Let’s take this one at a time.
Mandatory Liability Insurance, Really?
Maloney wants you and every other gun owner to be forced to buy liability insurance or pay a $10,000 fine. A lot of experts in insurance law have pointed out that liability insurance would not deter gun violence, as criminal activity and suicides, which wouldn’t be covered by liability policies, make up 97 percent of firearm deaths.
“To me, insurance is just a fancy way to discourage gun ownership by raising the cost of owning a gun,” Russell Roberts, an economics fellow at the Hoover Institution at Stanford University, told Bankrate. “I don’t think that’s a good idea because not everybody obeys the law. You would raise the cost for law-abiding citizens to own a gun without having any impact on those who illegally own a gun.”
Nevertheless, in May, Maloney introduced the “Firearm Risk Protection Act of 2015.” As of this writing—three weeks after the bill was introduced—the text of the bill wasn’t yet publicly available. But information her staff leaked to The Hill described the bill as requiring gun buyers to have liability insurance coverage before being “allowed” to purchase a firearm, and imposing a fine of $10,000 on those who do not comply. Maloney told the media (that she does talk to) that her gun insurance mandate is comparable to requirements that motor vehicle owners purchase liability insurance. Maloney, of course, is ignoring or doesn’t understand the legal difference between a constitutional right and a privilege.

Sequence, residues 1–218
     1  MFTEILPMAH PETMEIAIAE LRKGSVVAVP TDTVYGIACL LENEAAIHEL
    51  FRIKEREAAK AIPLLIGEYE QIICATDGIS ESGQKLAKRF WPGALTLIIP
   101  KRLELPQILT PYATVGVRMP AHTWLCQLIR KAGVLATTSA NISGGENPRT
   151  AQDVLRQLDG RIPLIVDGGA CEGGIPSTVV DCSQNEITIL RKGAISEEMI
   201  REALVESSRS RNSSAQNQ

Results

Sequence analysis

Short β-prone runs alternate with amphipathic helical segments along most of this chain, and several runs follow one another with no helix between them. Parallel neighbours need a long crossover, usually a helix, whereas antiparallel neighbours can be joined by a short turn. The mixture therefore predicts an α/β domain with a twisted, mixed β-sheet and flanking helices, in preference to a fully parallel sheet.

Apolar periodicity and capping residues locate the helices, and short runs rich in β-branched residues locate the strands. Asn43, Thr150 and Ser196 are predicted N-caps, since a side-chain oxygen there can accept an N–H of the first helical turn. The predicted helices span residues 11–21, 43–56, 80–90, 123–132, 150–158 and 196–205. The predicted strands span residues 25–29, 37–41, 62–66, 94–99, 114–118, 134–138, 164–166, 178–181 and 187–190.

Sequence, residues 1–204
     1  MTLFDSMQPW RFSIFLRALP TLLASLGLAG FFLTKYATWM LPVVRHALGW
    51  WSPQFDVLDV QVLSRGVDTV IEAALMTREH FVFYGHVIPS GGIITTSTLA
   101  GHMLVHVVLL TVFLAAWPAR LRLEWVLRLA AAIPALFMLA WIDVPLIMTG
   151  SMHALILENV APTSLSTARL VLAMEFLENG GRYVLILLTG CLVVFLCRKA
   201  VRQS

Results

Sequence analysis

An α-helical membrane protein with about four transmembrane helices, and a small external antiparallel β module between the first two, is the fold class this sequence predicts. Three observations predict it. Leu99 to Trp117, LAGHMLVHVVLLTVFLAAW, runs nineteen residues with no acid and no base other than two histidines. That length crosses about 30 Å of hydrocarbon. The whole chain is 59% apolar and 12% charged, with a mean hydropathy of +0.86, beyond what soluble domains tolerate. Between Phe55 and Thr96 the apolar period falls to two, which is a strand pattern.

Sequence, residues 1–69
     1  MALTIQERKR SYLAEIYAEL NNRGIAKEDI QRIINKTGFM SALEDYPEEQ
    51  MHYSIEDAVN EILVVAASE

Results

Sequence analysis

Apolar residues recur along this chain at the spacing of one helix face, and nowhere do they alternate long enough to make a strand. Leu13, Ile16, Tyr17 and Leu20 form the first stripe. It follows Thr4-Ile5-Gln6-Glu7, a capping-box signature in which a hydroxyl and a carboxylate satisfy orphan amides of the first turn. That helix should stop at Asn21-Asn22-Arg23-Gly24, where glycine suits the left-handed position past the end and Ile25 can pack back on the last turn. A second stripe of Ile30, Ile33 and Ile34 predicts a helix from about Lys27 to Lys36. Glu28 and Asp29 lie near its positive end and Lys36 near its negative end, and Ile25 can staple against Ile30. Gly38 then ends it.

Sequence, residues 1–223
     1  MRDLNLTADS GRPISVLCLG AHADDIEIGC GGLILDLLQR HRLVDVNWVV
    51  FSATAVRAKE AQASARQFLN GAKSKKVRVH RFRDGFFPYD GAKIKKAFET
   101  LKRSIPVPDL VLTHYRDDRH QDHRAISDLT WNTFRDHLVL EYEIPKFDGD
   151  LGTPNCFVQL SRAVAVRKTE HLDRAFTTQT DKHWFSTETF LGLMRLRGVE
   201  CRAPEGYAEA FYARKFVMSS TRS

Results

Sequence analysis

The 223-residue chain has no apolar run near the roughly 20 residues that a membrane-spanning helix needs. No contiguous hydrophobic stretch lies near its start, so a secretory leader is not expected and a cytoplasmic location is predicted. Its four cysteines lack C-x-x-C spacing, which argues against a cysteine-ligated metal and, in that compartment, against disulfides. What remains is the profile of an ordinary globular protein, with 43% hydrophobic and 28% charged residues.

Maloney told the media (that she does talk to) that her gun insurance mandate is comparable to requirements that motor vehicle owners purchase liability insurance. Maloney, of course, is ignoring or doesn’t understand the legal difference between a constitutional right and a privilege. Obtaining and keeping a driver’s license is legally a privilege that states can revoke, whereas gun ownership is specifically protected from government infringement by the U.S. Bill of Rights.